Happily the situation was realized in time, and owners set out to recreate stamina, sound body and limbs that had been so characteristic. They have lost nothing by this recovery, for all the increased beauty has been retained. The Russian type as it first was when brought into this country would be considered too clumsy and tall today.


In the history of the breed certain kennels were noted for their stock. The Duchess of Newcastle has already been mentioned. In Essex, at Ramsden Heath, some of the finest Borzois were to be found, bred by Major Borman, amongst others the famous show matron "Miss Piostre", unbeatable on the bench and the breeder of remarkable stock. Mrs. Vlasto (affix "Addlestone") is world-famous, and a great number of leading champions have been bred or shown from this kennel, amongst others her Ch. "Sparrow Hawk of Addlestone", who at one time had sired more champions in the breed than any other dog.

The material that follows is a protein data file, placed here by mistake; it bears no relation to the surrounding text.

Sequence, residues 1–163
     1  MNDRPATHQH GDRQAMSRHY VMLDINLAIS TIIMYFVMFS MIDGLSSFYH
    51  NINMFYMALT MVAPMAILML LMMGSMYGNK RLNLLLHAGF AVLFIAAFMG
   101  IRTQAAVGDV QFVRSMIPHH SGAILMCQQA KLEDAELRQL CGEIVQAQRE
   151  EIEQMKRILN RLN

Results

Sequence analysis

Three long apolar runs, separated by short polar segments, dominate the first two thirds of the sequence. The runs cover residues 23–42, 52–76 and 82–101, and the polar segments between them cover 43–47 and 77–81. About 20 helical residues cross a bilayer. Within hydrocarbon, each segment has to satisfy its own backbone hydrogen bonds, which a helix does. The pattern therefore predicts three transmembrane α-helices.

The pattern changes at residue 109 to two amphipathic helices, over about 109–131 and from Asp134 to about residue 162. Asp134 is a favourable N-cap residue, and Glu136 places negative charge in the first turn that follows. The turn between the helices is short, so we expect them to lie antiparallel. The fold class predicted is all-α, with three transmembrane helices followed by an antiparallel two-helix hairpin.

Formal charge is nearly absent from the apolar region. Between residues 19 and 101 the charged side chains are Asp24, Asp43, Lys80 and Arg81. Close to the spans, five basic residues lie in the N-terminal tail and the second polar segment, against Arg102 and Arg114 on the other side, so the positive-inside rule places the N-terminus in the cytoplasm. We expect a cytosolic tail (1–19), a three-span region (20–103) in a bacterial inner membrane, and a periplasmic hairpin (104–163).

trio of Addlestone Borzoi

An important leading kennel with an international reputation was started by Mr. Ernest Henry Guy, whose work has been the building up of sound-bodied stock with good heads and the best of legs and feet, and who has further helped the breed whenever possible by guaranteeing classes at shows. Many more kennels deserve mention, many more having been started in the succeeding years.

Ernest Henry Guy's Borzoi

The Borzoi is not an easy dog to breed; many of the dogs one see today are too much like Greyhounds and fail in the Borzoi character. Borzois too heavy or too light are by no means attractive. The position and carraige of the head make much difference to the dog, for a head pointing too much towards the feet is objectionable. The arch, a characteristic of the breed, must start as close to the shoulder blades as possible. It will be noticed in many of the best specimens that a line drawn from the hock to the start of the tail is at right angles. Size without coarseness, quality without weakness, are the two things that every breeder of Borzois must keep in mind.